Dr. Dana Johnson: Is there a way to tell what color my baby’s eyes will end up?

Originally published in the Wisconsin State Journal, February 14, 2013. Dr. Johnson is a pediatrician at the Meriter McKee clinic.

Dear Dr. Johnson: My newborn has blue eyes. I have heard they can change color. Is there a way I can tell what color they will end up and when will they stop changing color?

Dear Reader: You are not the only parent wondering this, as it is a very common question I am asked in-clinic. While not really important from a health standpoint, as one color isn’t healthier than another, it is a common feature we use to describe our general appearance. It’s even listed on our driver’s license.

When we talk about eye color, we are referring to the iris of the eye. There are melanocyte cells within the iris (as well as the hair and skin) that produce melanin. The melanin is what gives color to the iris, skin and hair.

If a large amount of melanin is produced in any of these, the eye, hair or skin are darker. If the melanocytes produce very little melanin, the opposite is true — the iris is blue, the hair is blonde and the skin is fair. A small amount of melanin produces green, gray or hazel-colored eyes.

Babies of African, Hispanic and Asian descent are often born with dark irises (brown or black) that stay dark. Caucasian babies often have gray or blue eyes at birth. It takes time for the melanocytes in their eyes to produce melanin and for the iris to become the color it was destined to be.

There are some ways to predict the likelihood of a certain eye color. Two blue-eyed parents are likely to have a child with blue eyes (though not guaranteed). Two brown-eyed parents are likely to have a child with brown eyes, but their chance of having a child with blue eyes goes up if a grandparent of the child has blue eyes. If the mother and father don’t have the same color eyes, there is no predicting the color.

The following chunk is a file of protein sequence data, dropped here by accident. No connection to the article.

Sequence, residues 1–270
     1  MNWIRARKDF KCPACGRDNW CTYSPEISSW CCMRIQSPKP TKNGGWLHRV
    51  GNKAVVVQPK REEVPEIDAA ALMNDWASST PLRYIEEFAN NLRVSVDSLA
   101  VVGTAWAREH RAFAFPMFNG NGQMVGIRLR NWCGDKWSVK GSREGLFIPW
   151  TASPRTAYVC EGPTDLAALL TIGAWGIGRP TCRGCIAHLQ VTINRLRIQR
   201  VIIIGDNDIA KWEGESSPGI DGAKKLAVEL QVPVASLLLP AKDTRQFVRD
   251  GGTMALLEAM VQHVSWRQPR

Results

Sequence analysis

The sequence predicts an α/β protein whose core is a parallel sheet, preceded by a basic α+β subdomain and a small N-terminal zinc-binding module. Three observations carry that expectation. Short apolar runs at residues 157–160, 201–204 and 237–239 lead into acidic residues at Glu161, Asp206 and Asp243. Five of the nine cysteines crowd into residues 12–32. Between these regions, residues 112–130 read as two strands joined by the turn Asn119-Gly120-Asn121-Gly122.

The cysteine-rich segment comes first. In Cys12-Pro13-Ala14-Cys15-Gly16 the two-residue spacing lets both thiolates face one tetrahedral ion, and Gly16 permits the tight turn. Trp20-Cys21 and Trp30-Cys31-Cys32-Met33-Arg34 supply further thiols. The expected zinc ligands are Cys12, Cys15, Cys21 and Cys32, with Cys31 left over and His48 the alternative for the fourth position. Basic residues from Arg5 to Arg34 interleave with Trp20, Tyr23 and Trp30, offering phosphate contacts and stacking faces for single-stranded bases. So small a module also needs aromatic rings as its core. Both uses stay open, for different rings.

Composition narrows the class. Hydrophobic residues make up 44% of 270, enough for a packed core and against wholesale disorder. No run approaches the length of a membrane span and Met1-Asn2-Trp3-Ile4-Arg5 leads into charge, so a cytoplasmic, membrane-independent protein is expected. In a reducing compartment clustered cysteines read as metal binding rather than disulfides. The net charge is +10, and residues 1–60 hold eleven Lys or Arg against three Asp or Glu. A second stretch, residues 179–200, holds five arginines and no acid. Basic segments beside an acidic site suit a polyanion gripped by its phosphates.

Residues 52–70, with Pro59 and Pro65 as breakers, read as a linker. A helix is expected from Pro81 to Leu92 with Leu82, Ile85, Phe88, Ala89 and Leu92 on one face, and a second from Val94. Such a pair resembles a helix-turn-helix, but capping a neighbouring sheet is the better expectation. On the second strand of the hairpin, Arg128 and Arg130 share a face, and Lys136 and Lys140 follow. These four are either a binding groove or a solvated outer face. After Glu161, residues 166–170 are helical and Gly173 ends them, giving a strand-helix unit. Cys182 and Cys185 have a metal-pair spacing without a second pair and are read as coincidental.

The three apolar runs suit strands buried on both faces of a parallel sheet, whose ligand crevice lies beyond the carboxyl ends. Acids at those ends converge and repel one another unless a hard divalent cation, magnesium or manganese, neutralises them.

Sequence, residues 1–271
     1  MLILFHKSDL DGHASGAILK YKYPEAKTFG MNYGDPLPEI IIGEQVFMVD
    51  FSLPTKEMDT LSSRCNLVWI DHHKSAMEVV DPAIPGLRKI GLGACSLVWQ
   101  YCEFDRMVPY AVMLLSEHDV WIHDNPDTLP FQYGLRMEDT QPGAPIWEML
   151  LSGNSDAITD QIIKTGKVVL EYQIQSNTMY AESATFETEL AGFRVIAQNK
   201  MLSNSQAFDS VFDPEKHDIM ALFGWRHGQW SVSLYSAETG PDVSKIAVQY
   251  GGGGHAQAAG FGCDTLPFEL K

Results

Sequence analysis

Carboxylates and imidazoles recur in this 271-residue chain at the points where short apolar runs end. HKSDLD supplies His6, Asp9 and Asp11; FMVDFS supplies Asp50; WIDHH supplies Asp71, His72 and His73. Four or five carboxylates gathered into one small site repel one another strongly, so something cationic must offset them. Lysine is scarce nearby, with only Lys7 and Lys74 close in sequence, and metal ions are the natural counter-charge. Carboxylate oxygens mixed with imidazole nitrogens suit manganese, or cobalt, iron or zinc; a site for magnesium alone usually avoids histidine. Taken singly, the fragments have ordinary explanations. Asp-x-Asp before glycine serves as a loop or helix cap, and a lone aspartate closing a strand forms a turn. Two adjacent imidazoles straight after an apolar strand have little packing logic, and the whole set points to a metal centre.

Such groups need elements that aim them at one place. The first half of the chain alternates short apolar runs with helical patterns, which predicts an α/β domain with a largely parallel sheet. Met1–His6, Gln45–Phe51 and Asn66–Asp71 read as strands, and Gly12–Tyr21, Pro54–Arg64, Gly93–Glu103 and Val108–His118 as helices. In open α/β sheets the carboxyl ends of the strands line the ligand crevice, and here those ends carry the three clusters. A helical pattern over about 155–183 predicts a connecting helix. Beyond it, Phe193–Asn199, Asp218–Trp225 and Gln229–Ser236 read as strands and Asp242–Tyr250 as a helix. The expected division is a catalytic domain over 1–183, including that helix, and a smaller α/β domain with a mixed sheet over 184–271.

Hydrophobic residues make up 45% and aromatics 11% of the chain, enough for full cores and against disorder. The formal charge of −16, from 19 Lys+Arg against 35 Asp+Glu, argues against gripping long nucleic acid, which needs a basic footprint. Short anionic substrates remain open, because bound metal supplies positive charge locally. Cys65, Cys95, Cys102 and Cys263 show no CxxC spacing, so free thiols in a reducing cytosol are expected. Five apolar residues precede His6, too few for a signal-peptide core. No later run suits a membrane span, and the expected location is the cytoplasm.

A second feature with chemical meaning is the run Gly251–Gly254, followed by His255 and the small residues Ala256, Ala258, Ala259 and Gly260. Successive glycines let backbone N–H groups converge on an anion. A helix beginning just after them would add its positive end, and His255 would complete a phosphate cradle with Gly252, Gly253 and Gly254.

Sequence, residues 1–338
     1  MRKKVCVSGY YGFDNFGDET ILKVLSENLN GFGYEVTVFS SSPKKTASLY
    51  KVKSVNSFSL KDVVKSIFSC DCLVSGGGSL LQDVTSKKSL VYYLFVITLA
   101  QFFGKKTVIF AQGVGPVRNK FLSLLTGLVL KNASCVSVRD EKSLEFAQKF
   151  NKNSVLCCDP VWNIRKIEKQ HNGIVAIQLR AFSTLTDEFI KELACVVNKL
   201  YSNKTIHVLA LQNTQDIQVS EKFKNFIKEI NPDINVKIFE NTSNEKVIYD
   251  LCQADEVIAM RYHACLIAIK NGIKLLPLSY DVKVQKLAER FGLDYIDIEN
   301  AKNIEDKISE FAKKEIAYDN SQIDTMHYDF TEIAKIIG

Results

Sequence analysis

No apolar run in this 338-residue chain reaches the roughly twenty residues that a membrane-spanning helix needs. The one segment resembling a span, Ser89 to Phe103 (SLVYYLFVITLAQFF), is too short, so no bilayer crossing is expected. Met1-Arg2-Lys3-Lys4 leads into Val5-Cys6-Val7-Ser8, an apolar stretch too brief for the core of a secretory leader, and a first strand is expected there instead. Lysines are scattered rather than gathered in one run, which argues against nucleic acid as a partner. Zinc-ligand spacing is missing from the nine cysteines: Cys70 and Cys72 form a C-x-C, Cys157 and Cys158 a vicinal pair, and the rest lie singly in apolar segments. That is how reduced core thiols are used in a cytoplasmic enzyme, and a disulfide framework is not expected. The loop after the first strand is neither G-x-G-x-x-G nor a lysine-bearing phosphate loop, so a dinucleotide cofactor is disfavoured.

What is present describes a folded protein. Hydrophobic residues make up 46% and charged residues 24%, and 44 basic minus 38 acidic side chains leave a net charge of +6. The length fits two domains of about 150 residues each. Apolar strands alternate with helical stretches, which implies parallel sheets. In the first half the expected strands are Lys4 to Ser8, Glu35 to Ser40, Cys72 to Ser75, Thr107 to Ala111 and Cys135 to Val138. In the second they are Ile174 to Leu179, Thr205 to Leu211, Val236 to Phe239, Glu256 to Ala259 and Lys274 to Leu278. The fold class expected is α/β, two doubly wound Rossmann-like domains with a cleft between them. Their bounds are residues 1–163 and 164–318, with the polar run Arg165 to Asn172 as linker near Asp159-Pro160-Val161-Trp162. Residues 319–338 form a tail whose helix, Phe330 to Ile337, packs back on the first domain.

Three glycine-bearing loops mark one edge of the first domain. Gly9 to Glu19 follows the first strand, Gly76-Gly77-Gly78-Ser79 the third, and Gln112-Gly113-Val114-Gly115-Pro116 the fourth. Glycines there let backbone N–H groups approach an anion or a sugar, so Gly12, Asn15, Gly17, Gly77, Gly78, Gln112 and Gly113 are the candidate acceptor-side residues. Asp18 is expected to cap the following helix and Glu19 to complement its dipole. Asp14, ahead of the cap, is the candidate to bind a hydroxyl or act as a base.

Most of the color change to the iris occurs in the first 6 months of life, but don’t make any life decisions based on eye color when your baby is this age because the color can still change. By 1 year of age, you should be pretty safe, but know that subtle changes can continue to occur for a couple of years — change in shade of blue, for example, but not blue to brown.

Reasons for further evaluation would be if your child has one brown and one blue eye or if the eye color is not the same around the whole iris. There can be minor variations in color but there shouldn’t be extension of the pupil (the black part) into the iris.

Another thing to note about a baby’s eyes is that it is common for them to be cross-eyed at times during the first few months of life. Their eyes may also seem to move separately from each other at times.

In the first few weeks, a baby’s vision is so blurry they cannot focus on an object. As their vision improves over the first couple of months, they are able to track objects. By about 4 months of age, they should not appear cross-eyed unless focusing on something really close to their face, and their eyes should track together.


This column provides general health information and is not specific advice intended for any particular individual(s). It is not a professional medical opinion or a diagnosis. Always consult your personal health care provider about your concerns. No ongoing relationship of any sort (including but not limited to any form of professional relationship) is implied or offered by Dr. Johnson to people submitting questions.
Read more: http://host.madison.com/news/local/ask/dr-johnson/dr-dana-johnson-is-there-a-way-to-tell-what/article_ec3cdea6-751b-11e2-ad5a-0019bb2963f4.html#ixzz2LMa2J4MO

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